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Soundtrack review: Guardians of the galaxy vol. 2 (Tyler Bates – 2017)

Film scores

Soundtrack review: Guardians of the galaxy vol. 2 (Tyler Bates – 2017)

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“Guardians of the Galaxy Vol. 2” is a 2017 American superhero film based on the Marvel Comics superhero team Guardians of the Galaxy, produced by Marvel Studios and distributed by Walt Disney Studios Motion Pictures. It is the sequel to 2014’s Guardians of the Galaxy and the fifteenth film in the Marvel Cinematic Universe. The film is written and directed by James Gunn and stars an ensemble cast featuring Chris Pratt, Zoe Saldana, Dave Bautista, Vin Diesel, Bradley Cooper, Michael Rooker, Karen Gillan, Pom Klementieff, Elizabeth Debicki, Chris Sullivan, Sean Gunn, with Sylvester Stallone, and Kurt Russell. In Guardians of the Galaxy Vol. 2, the Guardians travel throughout the cosmos as they help Peter Quill learn more about his true parentage. Since the whole GOTG concept relies heavily on 80s nostalgia I’m sure I’m not the only one who is excited a lot about the Tango and Cash reunion. I do hope Sly and Kurt will have a scene together, maybe just a high five or a nod. Tyler Bates returned to write the score.

The operative words for this franchise are adventure and fun so that’s what I am expecting from the score. I know the 80s angle is handled in the soundtrack mix so I am not looking for a lot of synths in this score. I just want to be entertained. “Showtime A-holes” is a nice start as it channels a bit of Star Trek Giacchino goodness. I am pleasantly surprised by the choral work in the beginning of the score because it ups the epic quality of the music. Not even 5 minutes in and I feel the need to pump up the volume; that’s always a good sign. The composer wastes no time in also introducing small playful and emotional anchors to broaden the musical range of this album.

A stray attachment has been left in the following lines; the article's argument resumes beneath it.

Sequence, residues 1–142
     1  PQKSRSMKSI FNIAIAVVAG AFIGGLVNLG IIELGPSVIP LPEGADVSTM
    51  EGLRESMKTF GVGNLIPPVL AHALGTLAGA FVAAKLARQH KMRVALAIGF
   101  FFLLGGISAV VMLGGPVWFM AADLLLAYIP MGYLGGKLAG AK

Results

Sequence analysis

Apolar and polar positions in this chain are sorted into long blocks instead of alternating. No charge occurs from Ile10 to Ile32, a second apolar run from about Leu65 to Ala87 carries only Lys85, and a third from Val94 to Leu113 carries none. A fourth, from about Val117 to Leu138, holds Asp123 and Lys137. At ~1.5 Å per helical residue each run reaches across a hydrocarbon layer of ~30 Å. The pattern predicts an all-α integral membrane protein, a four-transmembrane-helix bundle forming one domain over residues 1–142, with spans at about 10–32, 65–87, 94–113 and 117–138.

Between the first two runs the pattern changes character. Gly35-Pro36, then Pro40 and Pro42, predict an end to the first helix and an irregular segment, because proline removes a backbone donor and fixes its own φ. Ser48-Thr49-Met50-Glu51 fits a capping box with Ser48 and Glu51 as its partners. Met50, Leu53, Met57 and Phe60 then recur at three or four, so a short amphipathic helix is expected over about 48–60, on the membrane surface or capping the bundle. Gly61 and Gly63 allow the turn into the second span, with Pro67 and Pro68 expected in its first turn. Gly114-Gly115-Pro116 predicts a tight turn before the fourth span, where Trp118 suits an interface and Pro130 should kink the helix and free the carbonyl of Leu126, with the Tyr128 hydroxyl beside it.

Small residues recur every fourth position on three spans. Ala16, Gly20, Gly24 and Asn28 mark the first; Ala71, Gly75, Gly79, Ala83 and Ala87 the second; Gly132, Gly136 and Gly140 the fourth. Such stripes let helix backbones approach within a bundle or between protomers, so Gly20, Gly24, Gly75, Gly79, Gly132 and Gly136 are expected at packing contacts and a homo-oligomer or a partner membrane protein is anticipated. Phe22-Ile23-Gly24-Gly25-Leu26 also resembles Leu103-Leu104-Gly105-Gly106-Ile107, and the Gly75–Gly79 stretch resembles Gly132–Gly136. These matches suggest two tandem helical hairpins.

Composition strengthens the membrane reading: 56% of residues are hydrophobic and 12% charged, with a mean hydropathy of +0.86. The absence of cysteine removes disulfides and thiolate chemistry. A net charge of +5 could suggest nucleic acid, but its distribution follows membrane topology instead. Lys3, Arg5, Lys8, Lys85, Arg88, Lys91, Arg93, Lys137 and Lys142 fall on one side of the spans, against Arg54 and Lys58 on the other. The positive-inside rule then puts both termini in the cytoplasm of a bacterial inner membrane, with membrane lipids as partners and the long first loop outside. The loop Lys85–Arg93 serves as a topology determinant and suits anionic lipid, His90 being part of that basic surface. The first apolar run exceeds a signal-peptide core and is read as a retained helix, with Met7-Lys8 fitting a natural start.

A cue like “Space chase” gives me all I need from a score like “Guardians of the Galaxy vol 2”; I’m not looking for sophistication I am looking for action and fun and I am just delighted by the richness of this track. I am right there in the middle of the mayhem and I am enjoying myself as Tyler Bates pulls no stops with percussion and horns and general loudness. He follows that up with “Family history” which for me is a beautiful and intense love theme suitable for a space opera. I’ve often regarded Bates as more of a one-dimensional composer who is great at bringing industrial rock into film music but this score expands my view of him and makes me realize he could score a different kind of movies as well.

But action is still his favorite playing ground and he rules it with mighty power. Every time he puts pedal to the metal I just forget any other thoughts and enjoy the adrenaline rush. The middle part of the album is just spectacular and I’m sure you guys will enjoy it too. But what I liked the most about this score though is that it made me feel; I’m not just talking about the heart pumping moments but also about the emotional rays that brought warmth inside me and an impatience to go home and hug my parents. Somehow in cues like “Dad”, “A total Hasselhoff” (yes…this is an actual cue title which alongside “Mary Poppins and the rat” takes the listening experience even a bit beyond music”) and “Sisters” I found something honest to connect to. I can’t wait to see the stories these cues were written for.

A well rounded, varied and (did I mention?) fun score, “Guardians of the Galaxy volume 2” managed to raise even more my expectations of the movie. Tyler Bates knocked it out of the park. Or planet. You get the idea.

Cue rating: 93 / 100

Total minutes of excellence: 29 / 43

Album excellence: 67%

Highlights:

vs the Abilisk

Space chase

Family History

Mammalian Bodies

Two-Time-Galaxy Savers

Ego

Kraglin and Drax

The Expansion

Gods

Dad

A Total Hasselhoff

Sisters

Guardians of the Frickin Galaxy

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Mihnea Manduteanu

I have been listening to film music for 25 years and writing about it since 2014. I've written over 1000 reviews and I can't imagine myself doing anything else. I am also a member of IFMCA (International Film Music Critics Association).

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